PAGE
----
The toxins in hookah smoke may be different from that of cigarette smoke, but that doesn't make it any less harmful, according to a new study.
In fact, researchers from the University of California, San Francisco, found that urine levels of benzene byproduct -- linked with higher leukemia risk -- and breath levels of carbon monoxide levels -- which are particularly bad for people with heart risks -- were higher after smoking hookah (a water pipe), compared with smoking cigarettes. The new findings are published in the journal Cancer Epidemiology, Biomarkers & Prevention.
"People want to know if it is a lesser health risk if they switch from cigarettes to smoking a water pipe on a daily basis," study researcher Peyton Jacob III, Ph.D., a research chemist at the university who is based at the San Francisco General Hospital and Trauma Center, said in a statement. "We found that water-pipe smoking is not a safe alternative to cigarette smoking, nor is it likely to be an effective harm-reduction strategy."
Researchers analyzed toxins inhaled by eight men and five women, who had all smoked cigarettes and hookah before. For the study, the participants smoked an average of 11 cigarettes a day or three water pipe sessions a day.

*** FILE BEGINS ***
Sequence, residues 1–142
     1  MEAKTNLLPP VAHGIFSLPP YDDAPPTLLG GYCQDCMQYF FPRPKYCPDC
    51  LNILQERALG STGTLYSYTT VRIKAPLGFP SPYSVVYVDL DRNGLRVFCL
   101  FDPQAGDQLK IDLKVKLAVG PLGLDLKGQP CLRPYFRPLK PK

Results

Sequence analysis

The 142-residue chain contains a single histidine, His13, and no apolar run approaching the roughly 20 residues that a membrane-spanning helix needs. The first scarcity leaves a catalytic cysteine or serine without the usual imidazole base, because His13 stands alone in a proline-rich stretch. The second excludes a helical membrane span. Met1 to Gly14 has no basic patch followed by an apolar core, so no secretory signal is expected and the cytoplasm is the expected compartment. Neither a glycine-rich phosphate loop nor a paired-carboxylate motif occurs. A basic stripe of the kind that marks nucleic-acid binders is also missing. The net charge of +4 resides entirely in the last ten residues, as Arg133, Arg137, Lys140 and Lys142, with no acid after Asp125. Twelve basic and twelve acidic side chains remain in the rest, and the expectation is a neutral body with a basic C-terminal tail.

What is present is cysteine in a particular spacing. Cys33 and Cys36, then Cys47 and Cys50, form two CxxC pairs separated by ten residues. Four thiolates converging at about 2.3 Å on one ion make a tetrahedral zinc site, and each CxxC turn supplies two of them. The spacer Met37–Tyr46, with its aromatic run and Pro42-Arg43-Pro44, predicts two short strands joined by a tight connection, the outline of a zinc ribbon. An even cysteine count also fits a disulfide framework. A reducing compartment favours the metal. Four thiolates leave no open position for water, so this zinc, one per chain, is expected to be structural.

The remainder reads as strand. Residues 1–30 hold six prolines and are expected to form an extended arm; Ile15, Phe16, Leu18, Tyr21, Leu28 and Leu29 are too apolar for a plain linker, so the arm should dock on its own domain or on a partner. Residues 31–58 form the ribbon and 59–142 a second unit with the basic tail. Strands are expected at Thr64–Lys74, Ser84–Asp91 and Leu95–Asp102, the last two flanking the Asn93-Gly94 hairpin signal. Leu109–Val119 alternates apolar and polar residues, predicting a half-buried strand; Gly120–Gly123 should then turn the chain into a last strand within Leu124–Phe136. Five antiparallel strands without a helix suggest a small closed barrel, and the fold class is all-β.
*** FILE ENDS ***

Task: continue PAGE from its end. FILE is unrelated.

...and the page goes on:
The researchers found that the participants inhaled acrylamide (linked with damage to the nervous system), acrolein (which can irritate the eye, throat and nose), benzene, carbon monoxide and naphthalene (which can damage red blood cells) when they smoked hookah. Levels of benzene byproduct were doubled and breath levels of carbon monoxide were more than doubled after the participants smoked hookah, compared with smoking cigarettes. Researchers did find that nicotine intake was lower among the hookah-smokers than the cigarette smokers.
"You're basically burning a charcoal briquette on top of the tobacco … and most of what you're smoking is a moist fruit preparation, which is mixed with the tobacco. It smells good and it tastes good," study researcher Neal Benowitz explained in the statement.
But "in addition to delivering toxic substances from the charcoal and tobacco, the heat causes chemical reactions in the mixture, which produce toxic volatile organic compounds (VOCs) and polycyclic aromatic hydrocarbons (PAHs)," Jacob said in the statement. "Some PAHs are highly carcinogenic and can cause lung cancer."
Just last year, California public health officials reported that hookah smoking was increasing in the state, going up 40 percent from 2005 to 2008, Reuters reported. The age group most responsible for this increase is 18-to-24-year-olds.
"There is a very, very concerning misperception about the use of hookahs among youth, thinking it's somehow safer. In fact, it puts you at the same risk," Dr. Ron Chapman, the director of public health in California, told Reuters.